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Outdoor Kids in an Inside World: Getting Your Family Out of the House and Radically Engaged with Nature

Fans of Rinella’s popular show and nature lovers will enjoy this manual to outdoor pursuits.

Write for Your Life

Highly recommended for those looking for a means of coming to terms with their lives and the world around them.

The Tears of a Man Flow Inward: Growing Up in the Civil War in Burundi

Irankunda joins other writers from the African continent (see Rwandan Clemantine Wamariya’s The Girl Who Smiled Beads and Liberian Wayétu Moore’s The Dragons, the Giant, the Women) in giving eloquent and stirring witness to a childhood shattered by war and the legacies of colonialism.

Last Call at the Hotel Imperial: Reporters of the Lost Generation in a World at War

Highly recommended for readers who enjoy biographies, modern history, and politics.

Ancestor Trouble: A Reckoning and a Reconciliation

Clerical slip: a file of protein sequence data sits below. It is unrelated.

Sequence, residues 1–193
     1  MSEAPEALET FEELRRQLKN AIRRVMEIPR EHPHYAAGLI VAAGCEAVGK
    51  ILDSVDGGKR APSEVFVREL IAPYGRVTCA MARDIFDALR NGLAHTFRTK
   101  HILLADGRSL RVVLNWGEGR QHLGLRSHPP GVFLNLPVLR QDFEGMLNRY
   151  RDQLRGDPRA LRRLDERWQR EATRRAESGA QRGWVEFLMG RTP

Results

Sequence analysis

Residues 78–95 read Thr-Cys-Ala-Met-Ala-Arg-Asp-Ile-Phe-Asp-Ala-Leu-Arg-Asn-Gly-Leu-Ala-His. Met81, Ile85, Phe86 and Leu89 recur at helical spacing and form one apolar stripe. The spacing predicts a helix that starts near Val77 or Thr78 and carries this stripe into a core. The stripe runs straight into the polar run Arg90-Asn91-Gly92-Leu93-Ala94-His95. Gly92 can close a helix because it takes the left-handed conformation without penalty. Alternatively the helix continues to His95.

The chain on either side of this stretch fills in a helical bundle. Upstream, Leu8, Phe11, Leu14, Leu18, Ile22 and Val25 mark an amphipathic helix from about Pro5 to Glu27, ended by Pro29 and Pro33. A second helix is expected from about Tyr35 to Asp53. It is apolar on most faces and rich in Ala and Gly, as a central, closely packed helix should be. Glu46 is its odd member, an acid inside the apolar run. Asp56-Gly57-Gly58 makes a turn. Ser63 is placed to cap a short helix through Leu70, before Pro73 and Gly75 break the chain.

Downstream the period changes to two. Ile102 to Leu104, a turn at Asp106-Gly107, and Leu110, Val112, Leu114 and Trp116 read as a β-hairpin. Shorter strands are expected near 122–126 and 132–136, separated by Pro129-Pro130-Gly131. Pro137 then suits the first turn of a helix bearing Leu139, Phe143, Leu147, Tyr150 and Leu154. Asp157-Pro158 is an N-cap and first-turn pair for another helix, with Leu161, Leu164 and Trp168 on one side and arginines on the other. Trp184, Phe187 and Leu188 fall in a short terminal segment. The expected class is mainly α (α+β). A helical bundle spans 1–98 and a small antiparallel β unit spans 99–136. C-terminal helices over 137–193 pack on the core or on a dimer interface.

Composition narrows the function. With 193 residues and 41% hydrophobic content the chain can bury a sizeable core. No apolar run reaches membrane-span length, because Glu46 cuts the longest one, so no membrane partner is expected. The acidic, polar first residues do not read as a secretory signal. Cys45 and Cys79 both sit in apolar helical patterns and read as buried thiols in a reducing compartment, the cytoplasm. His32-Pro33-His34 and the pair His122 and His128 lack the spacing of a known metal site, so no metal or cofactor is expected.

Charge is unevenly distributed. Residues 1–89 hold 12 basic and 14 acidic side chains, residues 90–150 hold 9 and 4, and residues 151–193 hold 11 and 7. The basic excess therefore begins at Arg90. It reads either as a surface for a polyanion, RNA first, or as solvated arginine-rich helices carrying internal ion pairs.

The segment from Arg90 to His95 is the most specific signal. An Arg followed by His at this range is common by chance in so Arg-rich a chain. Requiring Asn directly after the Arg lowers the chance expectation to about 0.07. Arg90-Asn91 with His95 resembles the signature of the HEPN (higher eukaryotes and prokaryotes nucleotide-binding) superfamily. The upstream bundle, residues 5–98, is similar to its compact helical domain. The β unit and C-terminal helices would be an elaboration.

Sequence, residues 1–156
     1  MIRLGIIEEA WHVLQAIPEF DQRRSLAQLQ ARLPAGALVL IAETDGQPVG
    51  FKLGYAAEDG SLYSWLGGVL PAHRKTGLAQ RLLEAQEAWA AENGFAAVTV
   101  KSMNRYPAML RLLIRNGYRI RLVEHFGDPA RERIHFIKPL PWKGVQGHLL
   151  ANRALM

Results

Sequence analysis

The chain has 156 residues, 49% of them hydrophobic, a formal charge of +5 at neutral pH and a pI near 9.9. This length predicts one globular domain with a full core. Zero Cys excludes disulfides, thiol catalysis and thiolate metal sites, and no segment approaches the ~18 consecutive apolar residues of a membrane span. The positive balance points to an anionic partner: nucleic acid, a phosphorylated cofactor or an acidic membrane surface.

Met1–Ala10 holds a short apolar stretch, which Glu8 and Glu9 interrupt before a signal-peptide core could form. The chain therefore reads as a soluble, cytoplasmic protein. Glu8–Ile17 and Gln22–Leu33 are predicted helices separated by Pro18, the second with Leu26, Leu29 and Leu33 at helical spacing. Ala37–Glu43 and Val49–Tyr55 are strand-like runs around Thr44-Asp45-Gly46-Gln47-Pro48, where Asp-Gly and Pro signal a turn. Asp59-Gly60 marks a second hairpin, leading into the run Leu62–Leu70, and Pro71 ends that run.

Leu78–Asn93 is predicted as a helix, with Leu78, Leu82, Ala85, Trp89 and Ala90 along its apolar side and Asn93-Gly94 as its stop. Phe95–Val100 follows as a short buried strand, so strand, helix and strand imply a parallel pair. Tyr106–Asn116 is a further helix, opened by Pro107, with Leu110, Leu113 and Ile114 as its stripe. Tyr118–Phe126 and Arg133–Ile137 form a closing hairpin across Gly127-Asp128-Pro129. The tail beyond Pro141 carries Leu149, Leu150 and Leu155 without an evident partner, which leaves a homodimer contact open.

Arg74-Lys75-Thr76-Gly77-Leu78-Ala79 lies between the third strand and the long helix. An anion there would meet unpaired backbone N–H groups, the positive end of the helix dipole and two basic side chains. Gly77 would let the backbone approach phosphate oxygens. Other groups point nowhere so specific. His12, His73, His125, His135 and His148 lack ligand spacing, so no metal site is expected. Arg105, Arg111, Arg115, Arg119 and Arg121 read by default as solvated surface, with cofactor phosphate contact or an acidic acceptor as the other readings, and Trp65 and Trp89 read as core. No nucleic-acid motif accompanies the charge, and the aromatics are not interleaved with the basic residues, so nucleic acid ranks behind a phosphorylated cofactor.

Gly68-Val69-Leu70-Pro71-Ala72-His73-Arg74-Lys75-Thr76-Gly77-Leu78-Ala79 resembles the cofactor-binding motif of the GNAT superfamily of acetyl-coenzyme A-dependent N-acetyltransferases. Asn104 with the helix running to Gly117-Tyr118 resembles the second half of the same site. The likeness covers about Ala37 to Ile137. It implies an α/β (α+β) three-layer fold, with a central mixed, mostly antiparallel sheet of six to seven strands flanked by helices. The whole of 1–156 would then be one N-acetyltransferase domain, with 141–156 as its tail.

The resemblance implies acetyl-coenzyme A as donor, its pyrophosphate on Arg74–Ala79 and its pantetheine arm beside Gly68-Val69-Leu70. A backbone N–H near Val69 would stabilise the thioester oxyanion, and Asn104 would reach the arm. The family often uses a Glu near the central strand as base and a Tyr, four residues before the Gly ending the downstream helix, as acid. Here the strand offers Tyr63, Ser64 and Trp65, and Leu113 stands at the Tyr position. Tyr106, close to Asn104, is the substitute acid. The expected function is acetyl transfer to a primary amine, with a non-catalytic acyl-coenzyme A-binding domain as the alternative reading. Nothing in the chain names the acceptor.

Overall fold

An engaging and thoroughly researched memoir relaying a family history that is at turns recognizable and abhorrent, as an honest and typical history of American exceptionalism, racism, and misogyny. Will appealing to lovers of memoirs, family secrets, genealogy, and the sociological makeup threading U.S. history.

The Impossible City: A Hong Kong Memoir

This is an outstanding contribution for any library about one personal experience of political upheaval in Hong Kong.

Otherlands: Journeys in Earth’s Extinct Ecosystems

Halliday’s brilliantly imaginative reconstructions, his deft marshalling of complex science, offers a thrilling experience of deep-time nature for pop-science buffs.

Every Good Boy Does Fine: A Love Story, in Music Lessons

Already noted for his skillful writing on music, Denk proves equally adept at memoir. Anyone with an interest in music will find this an excellent read; those with a good grounding in classical music or with time to listen and reflect on the pieces Denk analyzes will find this book even more rewarding.

Lost & Found

Overall, the narrative is somewhat philosophical and perhaps a little cerebral, as it discusses loss and seeking, but it’s full of curiosity and a great deal of love and compassion that readers will relish. Recommended for most libraries and an excellent book club selection.

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